Seven trials, five convictions at new Sexual Offences court

Less than three months after it opened its doors for operation, the Sexual Offences Court is reporting that it has heard some seven cases and seen five convictions.

Chief Justice (ag) Roxanne George told the Department of Public Information (DPI) recently that the operation of the court is moving ahead smoothly. Justice Simone Morris-Ramlall currently presides over the Sexual Offences Court.
The average length of a trial is approximately four days. The longest so far has been eight days and the shortest three days, the Chief Justice said.“We think the court is working fairly well, we are going to do an analysis of the stats of the court in the coming weeks to have a formal assessment of how it is working, but from all reports, it is going fairly smoothly,” Justice George told DPI.

Justice George said the courtroom is a purpose-built facility where judges are required to manuscript the evidence manually. It also has an audio-visual room for witnesses to testify.

The Sexual Offences court is housed in the Supreme Court and represents the commitment of the judiciary to be responsive to the concerns raised in society about the conduct of trials of sexual offences cases.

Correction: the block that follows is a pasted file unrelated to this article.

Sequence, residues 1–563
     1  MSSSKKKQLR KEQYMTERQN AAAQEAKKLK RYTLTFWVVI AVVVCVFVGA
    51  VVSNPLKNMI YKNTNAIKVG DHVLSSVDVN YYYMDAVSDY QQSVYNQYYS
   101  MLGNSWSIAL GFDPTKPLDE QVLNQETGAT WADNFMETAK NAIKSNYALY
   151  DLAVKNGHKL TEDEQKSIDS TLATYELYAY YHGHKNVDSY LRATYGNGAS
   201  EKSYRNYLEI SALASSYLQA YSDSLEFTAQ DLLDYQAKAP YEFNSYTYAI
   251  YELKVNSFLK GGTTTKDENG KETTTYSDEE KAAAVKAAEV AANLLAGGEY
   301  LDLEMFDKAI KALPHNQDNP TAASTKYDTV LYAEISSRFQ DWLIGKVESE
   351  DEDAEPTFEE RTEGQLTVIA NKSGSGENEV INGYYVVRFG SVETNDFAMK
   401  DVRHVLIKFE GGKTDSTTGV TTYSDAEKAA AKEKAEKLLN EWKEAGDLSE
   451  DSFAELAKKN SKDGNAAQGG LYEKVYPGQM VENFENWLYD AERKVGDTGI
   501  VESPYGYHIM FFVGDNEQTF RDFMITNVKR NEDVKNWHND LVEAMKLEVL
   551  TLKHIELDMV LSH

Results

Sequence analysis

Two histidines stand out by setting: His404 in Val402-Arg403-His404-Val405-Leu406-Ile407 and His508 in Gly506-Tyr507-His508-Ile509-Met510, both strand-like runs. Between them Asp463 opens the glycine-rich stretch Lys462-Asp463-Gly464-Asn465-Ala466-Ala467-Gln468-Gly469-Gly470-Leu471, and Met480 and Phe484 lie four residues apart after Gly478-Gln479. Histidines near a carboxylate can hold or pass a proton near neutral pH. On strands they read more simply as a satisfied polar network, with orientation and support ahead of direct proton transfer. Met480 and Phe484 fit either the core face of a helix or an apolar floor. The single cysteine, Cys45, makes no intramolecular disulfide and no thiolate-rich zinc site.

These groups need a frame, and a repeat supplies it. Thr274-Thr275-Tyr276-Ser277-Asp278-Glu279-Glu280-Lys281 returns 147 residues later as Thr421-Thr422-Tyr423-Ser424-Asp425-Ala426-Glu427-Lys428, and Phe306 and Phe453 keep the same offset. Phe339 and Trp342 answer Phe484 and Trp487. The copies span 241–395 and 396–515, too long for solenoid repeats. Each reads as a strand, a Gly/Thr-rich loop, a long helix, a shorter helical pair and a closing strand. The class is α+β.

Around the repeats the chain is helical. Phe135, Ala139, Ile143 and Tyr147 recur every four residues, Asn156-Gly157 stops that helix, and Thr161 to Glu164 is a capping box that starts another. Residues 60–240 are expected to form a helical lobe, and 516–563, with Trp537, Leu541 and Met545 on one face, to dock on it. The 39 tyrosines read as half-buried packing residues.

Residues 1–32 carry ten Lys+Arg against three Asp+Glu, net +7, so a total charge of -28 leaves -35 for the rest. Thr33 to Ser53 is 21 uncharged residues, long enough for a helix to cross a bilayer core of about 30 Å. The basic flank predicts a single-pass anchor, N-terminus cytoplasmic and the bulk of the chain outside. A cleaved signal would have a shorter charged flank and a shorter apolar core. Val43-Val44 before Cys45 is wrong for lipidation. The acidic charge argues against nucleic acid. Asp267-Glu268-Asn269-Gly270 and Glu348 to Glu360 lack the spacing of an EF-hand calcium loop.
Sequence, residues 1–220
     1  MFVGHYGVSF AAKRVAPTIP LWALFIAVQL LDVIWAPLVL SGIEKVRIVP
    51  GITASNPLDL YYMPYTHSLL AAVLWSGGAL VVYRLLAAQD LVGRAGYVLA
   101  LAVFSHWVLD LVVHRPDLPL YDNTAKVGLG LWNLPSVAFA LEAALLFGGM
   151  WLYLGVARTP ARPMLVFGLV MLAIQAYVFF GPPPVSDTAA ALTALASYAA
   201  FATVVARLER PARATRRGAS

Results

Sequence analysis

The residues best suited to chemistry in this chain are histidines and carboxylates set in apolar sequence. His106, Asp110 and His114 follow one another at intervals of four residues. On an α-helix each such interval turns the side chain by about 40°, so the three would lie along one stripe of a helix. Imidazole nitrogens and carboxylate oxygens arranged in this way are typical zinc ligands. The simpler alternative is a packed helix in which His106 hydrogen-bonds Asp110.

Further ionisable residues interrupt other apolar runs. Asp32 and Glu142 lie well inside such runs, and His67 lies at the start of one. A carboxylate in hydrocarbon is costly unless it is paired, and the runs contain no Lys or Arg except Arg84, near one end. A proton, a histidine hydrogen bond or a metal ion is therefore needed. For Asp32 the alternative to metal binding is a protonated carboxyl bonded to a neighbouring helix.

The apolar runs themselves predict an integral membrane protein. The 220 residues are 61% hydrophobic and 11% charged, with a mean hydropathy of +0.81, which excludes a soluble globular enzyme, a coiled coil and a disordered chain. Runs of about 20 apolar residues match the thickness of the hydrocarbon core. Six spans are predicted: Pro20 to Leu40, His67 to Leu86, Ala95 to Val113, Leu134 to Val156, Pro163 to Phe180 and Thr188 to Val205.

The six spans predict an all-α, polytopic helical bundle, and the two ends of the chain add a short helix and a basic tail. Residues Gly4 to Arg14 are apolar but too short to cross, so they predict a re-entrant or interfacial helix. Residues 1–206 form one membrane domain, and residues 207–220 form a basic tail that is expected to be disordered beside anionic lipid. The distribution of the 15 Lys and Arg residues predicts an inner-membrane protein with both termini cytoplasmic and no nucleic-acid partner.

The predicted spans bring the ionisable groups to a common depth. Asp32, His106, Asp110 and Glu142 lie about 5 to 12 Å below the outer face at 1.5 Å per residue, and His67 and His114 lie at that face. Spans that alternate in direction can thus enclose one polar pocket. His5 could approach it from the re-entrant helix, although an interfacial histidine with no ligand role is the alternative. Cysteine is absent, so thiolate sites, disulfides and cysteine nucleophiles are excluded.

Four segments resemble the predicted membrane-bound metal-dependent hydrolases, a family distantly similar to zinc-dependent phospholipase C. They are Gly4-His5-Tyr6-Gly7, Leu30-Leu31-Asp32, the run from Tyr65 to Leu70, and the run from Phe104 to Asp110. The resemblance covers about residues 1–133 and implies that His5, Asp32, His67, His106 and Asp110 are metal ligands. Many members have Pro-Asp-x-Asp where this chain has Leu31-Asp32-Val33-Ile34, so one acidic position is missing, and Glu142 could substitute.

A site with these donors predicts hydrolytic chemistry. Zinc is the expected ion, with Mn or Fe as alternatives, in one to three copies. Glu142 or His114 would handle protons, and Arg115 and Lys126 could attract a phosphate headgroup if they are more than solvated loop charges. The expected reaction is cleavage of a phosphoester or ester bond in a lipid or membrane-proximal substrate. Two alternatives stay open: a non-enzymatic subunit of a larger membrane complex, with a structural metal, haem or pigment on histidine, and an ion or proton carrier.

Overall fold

Chancellor of the Judiciary Justice Yonnette Cummings-Edwards at the opening of the court in November last year, said victims and witnesses of sexual offences require specialist treatment. She said if the process is not handled carefully, it can pose secondary trauma to them.

As such, the idea of a specialist court dealing with everyone involved was birthed. A court that would provide justice for all, she noted.

The court has a panel of eminent judges including Justice Simone Morris-Ramlall, Justice Joanne Barlow, Justice Navindra Singh, Justice James Bovell-Drakes and Justice Brassington Reynolds whose functions are rotated. Witnesses also have a special room to give their testimony, while a panel of support staff is being overseen by the Chief Justice.

Looking ahead, Justice Cummings Edwards had said the service will be taken to Berbice and Essequibo, the two-sub registries that have supreme courts.

“They are also looking at training for the persons involved in dealing with the sexual offences matters. Training will be provided by two Trinidad and Tobago specialists in sexual abuse and psychologist and judge with years of experience trying sexual abuse matters,” she said. (DPI)


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